When people work in groups to perform a task, individual group members may feel less motivated to contribute, since no one person is held directly responsible for completing the task. The result is that people may not work as hard, or accomplish as much, as they would if they were working alone and their individual output were being measured. This decrease in personal effort, especially on a simple group task, is known as social loafing. While it is not a deliberate behavior, the consequence of social loafing is less personal efficiency when working in groups than when working on one's own.
<-NARRATOR:-> Listen to part of a lecture in a psychology class.
<-MALE PROFESSOR:-> Now, a study was done that illustrated this phenomenon.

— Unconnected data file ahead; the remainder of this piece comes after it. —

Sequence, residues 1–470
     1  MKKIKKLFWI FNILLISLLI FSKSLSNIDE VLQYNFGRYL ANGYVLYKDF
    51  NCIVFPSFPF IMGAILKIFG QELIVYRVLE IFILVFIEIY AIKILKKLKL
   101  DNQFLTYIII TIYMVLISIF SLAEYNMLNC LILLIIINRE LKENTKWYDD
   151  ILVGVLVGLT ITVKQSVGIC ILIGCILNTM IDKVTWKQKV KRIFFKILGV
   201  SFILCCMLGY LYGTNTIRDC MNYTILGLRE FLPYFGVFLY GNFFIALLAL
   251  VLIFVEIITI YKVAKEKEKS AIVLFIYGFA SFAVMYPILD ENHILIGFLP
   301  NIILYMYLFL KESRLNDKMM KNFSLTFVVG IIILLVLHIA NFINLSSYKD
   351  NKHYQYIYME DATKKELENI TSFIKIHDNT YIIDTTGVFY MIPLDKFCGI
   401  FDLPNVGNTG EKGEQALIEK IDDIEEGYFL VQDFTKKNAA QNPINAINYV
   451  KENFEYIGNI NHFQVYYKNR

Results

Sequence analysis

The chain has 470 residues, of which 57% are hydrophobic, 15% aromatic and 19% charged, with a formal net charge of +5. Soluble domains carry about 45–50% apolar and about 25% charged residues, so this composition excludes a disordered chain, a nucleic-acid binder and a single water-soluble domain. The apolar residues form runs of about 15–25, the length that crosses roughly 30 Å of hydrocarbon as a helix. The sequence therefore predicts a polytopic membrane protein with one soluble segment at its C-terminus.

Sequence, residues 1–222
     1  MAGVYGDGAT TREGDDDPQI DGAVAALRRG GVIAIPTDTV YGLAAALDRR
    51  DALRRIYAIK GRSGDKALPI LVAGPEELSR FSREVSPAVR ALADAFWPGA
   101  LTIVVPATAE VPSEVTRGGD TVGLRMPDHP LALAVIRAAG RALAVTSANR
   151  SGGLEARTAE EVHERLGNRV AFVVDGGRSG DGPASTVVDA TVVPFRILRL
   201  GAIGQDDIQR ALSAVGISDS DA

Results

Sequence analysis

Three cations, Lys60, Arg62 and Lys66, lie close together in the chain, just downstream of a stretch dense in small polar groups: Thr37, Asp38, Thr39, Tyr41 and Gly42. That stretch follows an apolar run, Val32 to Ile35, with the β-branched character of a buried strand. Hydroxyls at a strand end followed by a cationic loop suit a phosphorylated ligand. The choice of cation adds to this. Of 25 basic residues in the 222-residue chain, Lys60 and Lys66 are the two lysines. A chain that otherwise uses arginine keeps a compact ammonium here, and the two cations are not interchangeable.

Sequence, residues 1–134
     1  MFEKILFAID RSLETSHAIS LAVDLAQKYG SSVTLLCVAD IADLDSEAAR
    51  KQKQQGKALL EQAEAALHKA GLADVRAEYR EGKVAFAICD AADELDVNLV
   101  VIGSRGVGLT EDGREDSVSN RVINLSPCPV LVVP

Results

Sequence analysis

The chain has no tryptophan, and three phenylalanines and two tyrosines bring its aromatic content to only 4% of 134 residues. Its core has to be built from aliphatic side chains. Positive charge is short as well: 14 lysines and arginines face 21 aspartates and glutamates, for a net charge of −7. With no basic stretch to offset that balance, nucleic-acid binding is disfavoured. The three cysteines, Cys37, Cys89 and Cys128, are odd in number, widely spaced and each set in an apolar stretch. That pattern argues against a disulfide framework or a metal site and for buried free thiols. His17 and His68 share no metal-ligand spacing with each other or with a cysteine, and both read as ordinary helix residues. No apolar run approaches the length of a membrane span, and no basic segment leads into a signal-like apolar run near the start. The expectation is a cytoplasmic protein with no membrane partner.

In the study people were given an ordinary task that everyone has probably done before-
they were simply asked to peel potatoes.
And to peel as many potatoes as possible in a given amount of time.
OK, so some people worked alone-
and they were told that the number of potatoes they each peeled would be recorded.
Others peeled potatoes together, as part of a group,
and they were told that only the total number of potatoes peeled would be recorded.
So it would be impossible to tell how any one person had done.
Then researchers compared the results of the people who worked alone
and those that worked together to see if there was any difference.
That is, they took the average score of the people working alone
and compared it to the average score of the people working together in a group.
And they did discover a difference.
It turns out that people working as a group
peeled significantly fewer potatoes than people who worked alone.
Using the example from the lecture, explain what social loafing is and how it affects people's behavior.